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Safety first

Written by Shereen Lurie

It is important not only to consider design, budget and space when installing your dream staircase, but also current safety regulations. Sandra Blackbeard and Dave Braithwaite from Steel Studio share their top five staircase and balustrade safety guidelines.

1. Staircases and balustrades need to be in compliance with current SANS legislations. It is important to consider the 10400 South African Building Regulations code, and also the 10160 code, which specifies the loading requirements. Any change in level in excess of 750mm requires the installation of a SANS-compliant balustrade. Additionally, staircases with a rise in excess of 750mm must also be fitted with a SANS-compliant balustrade.

2. Balustrades for residential applications may have no air gap greater than 100mm anywhere in the system.

3. Balustrades for residential applications must have a minimum height of 1m. Balustrades around swimming pools that are accessible from the road must have a minimum height of 1,2m, and must contain a self-closing gate. There may be no horizontal elements in a swimming pool enclosure, in order to prevent climbing.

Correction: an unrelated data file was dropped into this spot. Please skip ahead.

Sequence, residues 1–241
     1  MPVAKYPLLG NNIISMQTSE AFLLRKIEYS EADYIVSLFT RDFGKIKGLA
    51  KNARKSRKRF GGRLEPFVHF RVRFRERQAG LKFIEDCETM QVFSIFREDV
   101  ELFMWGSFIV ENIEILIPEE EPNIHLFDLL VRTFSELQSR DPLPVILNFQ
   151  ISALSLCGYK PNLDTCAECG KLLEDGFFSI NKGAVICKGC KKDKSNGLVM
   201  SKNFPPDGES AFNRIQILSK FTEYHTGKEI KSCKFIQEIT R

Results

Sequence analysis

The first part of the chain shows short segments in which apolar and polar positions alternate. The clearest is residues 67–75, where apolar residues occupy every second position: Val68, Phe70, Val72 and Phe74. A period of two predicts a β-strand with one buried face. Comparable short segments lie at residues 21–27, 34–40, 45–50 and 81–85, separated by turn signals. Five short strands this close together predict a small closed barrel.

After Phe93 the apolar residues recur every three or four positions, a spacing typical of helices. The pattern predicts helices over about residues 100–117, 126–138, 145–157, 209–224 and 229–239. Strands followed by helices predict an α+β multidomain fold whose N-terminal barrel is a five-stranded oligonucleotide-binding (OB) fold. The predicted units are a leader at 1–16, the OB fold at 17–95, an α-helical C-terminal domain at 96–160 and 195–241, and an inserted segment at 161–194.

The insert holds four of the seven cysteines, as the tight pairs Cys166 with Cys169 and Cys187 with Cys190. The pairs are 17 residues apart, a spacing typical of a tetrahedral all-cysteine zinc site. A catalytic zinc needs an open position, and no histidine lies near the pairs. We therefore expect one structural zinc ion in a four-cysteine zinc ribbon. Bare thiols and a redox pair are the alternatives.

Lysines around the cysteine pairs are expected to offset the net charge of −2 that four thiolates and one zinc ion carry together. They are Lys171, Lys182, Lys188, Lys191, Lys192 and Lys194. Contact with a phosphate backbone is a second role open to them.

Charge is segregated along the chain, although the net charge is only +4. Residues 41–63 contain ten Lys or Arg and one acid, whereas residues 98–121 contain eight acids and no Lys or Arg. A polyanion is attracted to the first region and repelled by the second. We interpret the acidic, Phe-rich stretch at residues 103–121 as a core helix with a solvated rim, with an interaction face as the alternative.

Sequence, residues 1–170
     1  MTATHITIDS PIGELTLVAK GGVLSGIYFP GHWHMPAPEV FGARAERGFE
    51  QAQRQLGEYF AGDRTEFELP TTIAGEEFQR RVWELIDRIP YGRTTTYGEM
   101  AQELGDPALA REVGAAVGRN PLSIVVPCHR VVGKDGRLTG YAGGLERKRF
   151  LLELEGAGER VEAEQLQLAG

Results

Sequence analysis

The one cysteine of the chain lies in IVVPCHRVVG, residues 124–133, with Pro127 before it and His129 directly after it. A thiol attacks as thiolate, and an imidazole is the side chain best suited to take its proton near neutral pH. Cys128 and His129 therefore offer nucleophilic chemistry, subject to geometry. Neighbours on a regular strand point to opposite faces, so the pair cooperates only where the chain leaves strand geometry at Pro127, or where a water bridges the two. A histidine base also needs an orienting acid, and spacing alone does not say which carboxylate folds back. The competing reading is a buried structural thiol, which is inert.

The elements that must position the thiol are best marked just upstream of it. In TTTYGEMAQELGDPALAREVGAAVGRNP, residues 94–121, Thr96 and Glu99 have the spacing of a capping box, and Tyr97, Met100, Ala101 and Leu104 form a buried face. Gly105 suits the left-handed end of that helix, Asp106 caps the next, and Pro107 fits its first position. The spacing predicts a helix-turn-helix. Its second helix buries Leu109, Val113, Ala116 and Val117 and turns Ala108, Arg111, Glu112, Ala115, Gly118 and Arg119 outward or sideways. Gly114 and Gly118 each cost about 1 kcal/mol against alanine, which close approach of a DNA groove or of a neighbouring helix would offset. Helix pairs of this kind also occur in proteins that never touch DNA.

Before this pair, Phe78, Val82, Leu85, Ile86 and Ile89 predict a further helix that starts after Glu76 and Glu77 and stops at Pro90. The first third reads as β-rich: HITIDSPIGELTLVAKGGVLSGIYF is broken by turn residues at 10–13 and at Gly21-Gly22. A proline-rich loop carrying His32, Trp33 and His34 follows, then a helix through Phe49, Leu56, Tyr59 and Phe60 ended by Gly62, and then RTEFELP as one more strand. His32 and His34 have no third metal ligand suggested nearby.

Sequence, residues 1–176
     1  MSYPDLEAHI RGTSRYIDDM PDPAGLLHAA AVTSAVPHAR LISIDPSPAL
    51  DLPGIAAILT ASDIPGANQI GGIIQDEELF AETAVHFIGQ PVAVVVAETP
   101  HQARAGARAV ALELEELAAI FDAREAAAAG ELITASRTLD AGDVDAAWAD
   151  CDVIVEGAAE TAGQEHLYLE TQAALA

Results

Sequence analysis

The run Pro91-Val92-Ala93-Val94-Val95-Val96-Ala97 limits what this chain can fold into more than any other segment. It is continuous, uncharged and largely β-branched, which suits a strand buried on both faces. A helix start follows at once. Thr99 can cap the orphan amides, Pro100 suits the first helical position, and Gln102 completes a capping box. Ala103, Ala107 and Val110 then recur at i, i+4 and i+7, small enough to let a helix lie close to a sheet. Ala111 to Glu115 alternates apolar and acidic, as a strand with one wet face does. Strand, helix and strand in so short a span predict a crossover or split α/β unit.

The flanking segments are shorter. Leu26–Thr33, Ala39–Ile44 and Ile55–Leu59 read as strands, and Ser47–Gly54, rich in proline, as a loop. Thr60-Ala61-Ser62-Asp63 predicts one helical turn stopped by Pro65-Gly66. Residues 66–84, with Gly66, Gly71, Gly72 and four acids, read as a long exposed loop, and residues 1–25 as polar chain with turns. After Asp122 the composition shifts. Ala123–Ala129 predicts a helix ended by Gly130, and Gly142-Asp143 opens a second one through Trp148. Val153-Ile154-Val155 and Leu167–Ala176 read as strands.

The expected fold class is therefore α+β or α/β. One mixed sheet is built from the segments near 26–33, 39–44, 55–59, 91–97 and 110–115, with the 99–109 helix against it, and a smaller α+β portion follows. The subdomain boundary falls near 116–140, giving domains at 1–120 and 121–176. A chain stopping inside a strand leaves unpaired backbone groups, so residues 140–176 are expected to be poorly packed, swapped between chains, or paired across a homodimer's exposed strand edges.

4. One of the most critical parts of the structural design of a balustrade system is the method of fixing the balustrade into the substrate. With a vast array of current construction methods, including hollow-core slabs, lightweight steel structures and aerated/lightweight concrete, attention must be paid at design stage to accommodate the balustrade fixing, to allow for required SANS loading specifications. Likewise, slab thicknesses need to be taken into account to accommodate for side or top-mounted balustrades. Top-mounted balustrades should be installed into a core-drilled pocket of minimum 120mm depth, and secured with a suitable non-shrink cementitious grout, whereas side-mounted balustrades should be impact-drilled and fixed with suitable chemical anchors.

5. When selecting glazed balustrades, the thickness of the glass is vital, and has to be tested by means of a 400 Joule soft body impact test by a competent person, such as a professional structural engineer.


Shereen Lurie

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